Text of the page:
Never tell a woman she has a "hy pro glo." It will never go well. If she knows what you mean, you'll get smacked up. If she doesn't know what you mean, and therefore doesn't react, your joke is ruined. If she doesn't know what you mean, and decides to act all flattered and shit, congratulations you just made a dumb girl feel good about being dumb and you have your little laugh at her expense.
Oh no, the madness is back! The "I"s, they without fail make me swat at the invisible mosquitoes flitting around my fat head.
"Invisible"--The angriest moments of the album are here. One man's vigorously tested faith results in bitter recriminations and sour dispositions. Trying to find God with a phase shifter? John really is inspiring you guys to new levels of confidence and power!
"1000 Points of Hate"--Good to stomp and scream along to whenever your mind is awash in thoughts of that special someone. Also, nice Living Colour reference.
"Black Lodge"--I wouldn't expect a gorgeous rumination on in-progress, inexorable disintegration from the same dudes who made a "thing" of wearing shorts. But here we are, now as then.
Hand it to the band, or at least Scott and Charlie--they loved the TV show Twin Peaks (at least the first season) and were absolutely nuts over Angelo Badalamenti's soundtrack work. So they write a song, call it "Black Lodge" in honor of their favorite show, and get Angelo himself (along with Vincent Bell) to add synthesizer, orchestration, and tremolo guitar. The result is a spaghetti Western dream state.
Let not the lyrics lead you astray ("My love for you knows no distance"), "Black Lodge" is romantic in the way that a poet at the river's edge, scribbling down his last stanzas, laying the notebook on the grass and then walking into the water is romantic. Or someone coming up to you with a package and announcing "I love you so much I carved your face out of a log I found somewhere." But my heart is almost always set to high receptivity, so I'm invariably sucked into this dark vortex.
"C11 H17 N2 O2 SN2"--Or, "sodium pentathol." Or, "truth serum." Or, "veritaserum." Or, "J.K. Rowling needs to get a fucking diary already."
Spelling out the chemical formula was impressive in those pre-Wikipedia days, y'all, they had to consult a book!
Another explicit condemnation of religious fervor, only this time tackling the minions more so than the Man. The message is rugged, responsible individualism. No tolerance for sluggards and slaggers.
I have never hated a song title more And I never hated it till I had to write, then type it out. Luckily this is Class-A from toes to nose. Who doesn't enjoy telling some self-righteous know-nothing where to stick it? Most people are like Slinkys, really--they don't do a damn thing, but they always make you smile when you push them down the stairs.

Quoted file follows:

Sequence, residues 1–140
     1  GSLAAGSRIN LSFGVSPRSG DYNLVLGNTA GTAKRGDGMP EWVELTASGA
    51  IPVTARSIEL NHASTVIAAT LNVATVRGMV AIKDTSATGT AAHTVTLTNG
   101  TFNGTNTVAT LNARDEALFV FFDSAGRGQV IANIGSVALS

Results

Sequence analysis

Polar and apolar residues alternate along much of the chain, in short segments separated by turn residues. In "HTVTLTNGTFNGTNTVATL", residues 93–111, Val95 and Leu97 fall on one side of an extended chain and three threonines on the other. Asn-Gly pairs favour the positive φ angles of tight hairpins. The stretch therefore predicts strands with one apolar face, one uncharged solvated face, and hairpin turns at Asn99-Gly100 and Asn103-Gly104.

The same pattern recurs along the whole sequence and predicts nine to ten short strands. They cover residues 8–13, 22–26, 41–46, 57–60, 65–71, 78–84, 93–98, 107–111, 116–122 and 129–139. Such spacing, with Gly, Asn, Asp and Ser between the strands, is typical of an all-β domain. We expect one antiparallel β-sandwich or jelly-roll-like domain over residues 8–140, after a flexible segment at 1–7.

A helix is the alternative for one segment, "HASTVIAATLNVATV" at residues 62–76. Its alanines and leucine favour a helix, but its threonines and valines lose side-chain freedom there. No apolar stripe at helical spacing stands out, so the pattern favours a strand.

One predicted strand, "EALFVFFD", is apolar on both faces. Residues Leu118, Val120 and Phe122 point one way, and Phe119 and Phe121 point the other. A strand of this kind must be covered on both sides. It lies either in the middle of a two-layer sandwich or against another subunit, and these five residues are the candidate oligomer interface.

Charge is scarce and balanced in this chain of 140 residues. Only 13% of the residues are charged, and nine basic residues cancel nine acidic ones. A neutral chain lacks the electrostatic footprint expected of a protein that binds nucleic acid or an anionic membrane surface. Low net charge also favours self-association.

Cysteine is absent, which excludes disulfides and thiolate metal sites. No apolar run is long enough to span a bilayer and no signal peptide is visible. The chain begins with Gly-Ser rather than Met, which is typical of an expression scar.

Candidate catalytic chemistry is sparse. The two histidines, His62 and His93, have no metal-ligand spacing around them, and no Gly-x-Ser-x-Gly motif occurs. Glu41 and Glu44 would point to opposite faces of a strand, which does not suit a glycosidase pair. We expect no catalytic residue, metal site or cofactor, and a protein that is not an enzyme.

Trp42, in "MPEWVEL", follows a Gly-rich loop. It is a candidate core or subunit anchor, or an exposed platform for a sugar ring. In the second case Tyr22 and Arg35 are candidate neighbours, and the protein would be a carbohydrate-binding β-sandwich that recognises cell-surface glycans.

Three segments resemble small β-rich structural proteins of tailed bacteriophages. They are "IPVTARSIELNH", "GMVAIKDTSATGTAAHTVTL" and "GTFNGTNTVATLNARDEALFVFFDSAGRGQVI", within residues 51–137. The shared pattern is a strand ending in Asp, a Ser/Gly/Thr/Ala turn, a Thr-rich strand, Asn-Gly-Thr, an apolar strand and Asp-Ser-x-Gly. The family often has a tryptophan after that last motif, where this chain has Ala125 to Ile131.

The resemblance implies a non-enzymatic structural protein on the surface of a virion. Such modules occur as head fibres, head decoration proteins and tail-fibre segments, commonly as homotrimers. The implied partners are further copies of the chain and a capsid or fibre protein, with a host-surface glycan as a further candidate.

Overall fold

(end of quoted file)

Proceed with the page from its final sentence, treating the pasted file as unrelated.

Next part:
"Burst"--The cartoon-y xylophone chimes give way to some punks writing a book called "102 Things To Do With Rusted Chrome." I can't imagine Joey Belladonna over music like this without envisioning Steve Perry emoting on a dock.
Took years for me to catch the crack-addled earthworm cries during the "contradiction" sections.
"This Is Not An Exit"--The good news is, Anthrax are still reading fiction! The gooder news is, they've moved beyond Stephen King! American Psycho doesn't count nihilistic German nuns among its cast of characters, but hey, a quality read is a joy forever.
John nails the ramblings of a maniac with great confidence and clarity. Chilling in some parts, believable all around. (Again, entrust this to Belladonna and we're left with a guy waiting for Sherry to come back.) The main riff, wooo. "Chopsticks" frozen in carbonite. I feel like I rode a bike on the highway and lived to tell.
With the seeds sown for mainstream success, what did Anthrax actually reap? A gold record. Hmm. But they also made a good record, a damn good record. They tweaked their fundamental sound without becoming another, shittier band entirely. No mean feat, that. What's probably more jarring, to me anyway, is the slight but significant lyrical shift. Whereas in the past Anthrax pounded on about the importance of caring for your fellow man, Sound of White Noise stops just short of saying "Guess what, fuck all y'all. Ray Bolger's lookin' out for Ray Bolger." The increasing acrimony is hard to ignore.
*James Hetfield wants to go hunting with this song, he loves it so much. He told the members of Anthrax it was "a perfect song." Which sounds like a great compliment until you find out James Hetfield's favorite songs are. I still hold out hope he just couldn't be bothered to make a real list, turned on a classic rock radio station, and wrote down the first ten songs they played.